Spinal Muscular Atrophy Comes Closer to Making Key U.S. Newborn-screening List
Spinal muscular atrophy (SMA) is a step closer to being on a list of diseases that the U.S. government recommends newborns be screened for.
Although making the Recommended Uniform Screening Panel list will constitute a powerful statement of support for SMA screening, decisions about what diseases newborns are checked for are made at the state level. Some of the 50 states could adopt the SMA screening recommendation fairly quickly, while others could lag — or even reject the idea.
Cure SMA’s newborn-screening working group put together the submission in conjunction with a panel of SMA researchers and clinical experts and representatives of the Muscular Dystrophy Association (MDA).
Federal government approval of the submission would send a strong message to the states about the importance of screening newborns for SMA.
Advocacy at the state level would be crucial, however, because most states have their own process for evaluating which diseases should be added to their screening lists.
Before SMA can make the federal list, the submission must be reviewed by the Secretary’s Advisory Committee on Heritable Disorders in Newborns and Children (SACHDNC), which is part of the Department of Health and Human Services.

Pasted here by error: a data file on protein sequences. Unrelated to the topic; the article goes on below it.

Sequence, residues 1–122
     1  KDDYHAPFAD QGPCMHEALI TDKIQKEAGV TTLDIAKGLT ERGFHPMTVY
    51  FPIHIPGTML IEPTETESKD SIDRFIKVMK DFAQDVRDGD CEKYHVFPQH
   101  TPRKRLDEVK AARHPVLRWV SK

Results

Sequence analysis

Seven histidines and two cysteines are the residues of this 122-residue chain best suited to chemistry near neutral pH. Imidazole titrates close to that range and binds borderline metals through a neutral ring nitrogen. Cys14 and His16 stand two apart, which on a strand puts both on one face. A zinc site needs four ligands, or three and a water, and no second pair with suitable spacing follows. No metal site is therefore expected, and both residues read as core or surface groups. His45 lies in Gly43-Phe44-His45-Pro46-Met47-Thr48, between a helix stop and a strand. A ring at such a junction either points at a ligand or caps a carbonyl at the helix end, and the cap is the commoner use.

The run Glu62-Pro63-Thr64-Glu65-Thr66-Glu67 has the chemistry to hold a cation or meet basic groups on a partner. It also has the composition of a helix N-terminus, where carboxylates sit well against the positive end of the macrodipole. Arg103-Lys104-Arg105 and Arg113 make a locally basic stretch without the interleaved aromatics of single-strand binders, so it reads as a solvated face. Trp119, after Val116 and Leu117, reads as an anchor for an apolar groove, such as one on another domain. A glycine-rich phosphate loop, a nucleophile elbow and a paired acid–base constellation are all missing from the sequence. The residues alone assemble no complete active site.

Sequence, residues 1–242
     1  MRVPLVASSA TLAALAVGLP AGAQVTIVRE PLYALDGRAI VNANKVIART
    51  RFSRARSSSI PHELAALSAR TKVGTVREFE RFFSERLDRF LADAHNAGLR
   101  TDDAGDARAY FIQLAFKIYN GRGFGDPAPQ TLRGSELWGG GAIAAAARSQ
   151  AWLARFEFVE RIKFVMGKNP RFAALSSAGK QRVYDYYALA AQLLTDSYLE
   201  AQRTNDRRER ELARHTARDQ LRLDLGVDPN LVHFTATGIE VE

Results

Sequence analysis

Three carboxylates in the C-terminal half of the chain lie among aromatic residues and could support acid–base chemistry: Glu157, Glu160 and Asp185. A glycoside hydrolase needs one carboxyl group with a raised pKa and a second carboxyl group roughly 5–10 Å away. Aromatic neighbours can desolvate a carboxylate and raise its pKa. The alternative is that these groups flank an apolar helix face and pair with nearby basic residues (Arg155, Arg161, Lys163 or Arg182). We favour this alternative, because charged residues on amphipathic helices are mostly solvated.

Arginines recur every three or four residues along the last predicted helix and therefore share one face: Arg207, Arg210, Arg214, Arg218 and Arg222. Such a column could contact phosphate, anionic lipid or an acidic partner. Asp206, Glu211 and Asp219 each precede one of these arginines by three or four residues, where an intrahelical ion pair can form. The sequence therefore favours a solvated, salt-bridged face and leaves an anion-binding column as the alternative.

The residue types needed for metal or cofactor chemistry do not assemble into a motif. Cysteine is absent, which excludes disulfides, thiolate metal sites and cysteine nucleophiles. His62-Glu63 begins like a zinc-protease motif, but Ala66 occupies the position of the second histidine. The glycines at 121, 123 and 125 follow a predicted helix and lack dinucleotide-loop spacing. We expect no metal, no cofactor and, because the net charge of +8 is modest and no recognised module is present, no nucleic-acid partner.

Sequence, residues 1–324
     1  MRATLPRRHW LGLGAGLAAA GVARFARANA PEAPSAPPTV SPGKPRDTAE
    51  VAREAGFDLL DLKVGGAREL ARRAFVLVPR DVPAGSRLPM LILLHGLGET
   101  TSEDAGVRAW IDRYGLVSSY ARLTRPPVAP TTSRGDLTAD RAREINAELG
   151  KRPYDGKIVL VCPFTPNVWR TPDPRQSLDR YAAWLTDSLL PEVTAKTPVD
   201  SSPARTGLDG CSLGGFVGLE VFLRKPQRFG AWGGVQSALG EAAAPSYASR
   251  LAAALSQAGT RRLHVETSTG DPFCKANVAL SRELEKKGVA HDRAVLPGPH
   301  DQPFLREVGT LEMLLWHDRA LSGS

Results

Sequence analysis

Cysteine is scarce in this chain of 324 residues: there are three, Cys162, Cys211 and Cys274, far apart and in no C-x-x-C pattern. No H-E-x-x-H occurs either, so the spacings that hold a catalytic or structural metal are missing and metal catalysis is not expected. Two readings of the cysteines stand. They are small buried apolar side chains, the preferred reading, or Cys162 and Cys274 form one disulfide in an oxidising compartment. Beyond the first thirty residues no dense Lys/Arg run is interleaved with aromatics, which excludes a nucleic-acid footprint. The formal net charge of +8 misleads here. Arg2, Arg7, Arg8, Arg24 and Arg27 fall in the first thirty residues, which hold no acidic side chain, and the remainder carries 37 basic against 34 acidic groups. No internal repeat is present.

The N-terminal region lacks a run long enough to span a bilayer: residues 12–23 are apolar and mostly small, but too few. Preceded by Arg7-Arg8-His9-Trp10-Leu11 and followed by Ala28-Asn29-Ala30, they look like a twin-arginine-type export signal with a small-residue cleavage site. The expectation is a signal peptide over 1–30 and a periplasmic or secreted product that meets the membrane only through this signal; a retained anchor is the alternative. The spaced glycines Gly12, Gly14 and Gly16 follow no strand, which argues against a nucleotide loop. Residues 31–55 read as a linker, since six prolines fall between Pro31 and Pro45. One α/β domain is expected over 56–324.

The review committee will look at how SMA has developed in the United States, approved treatments for the disease, evidence that pre-symptom treatments for SMA are effective, whether pilot screening data is available from at least one state lab, and whether there is a reliable diagnostic test for SMA that could be given to a significant population of babies.
Committee members will make their first comments at their next meeting in May. They will also establish a timeline for completing the review, which generally takes at least a year.
In addition to supporting the submission, the SMA screening coalition will continue to do other advocacy work. One focus will be lobbying Congress to secure appropriate funding for newborn screening. Another will be organizing federal- and state-level grassroots advocacy efforts to ensure screening is implemented.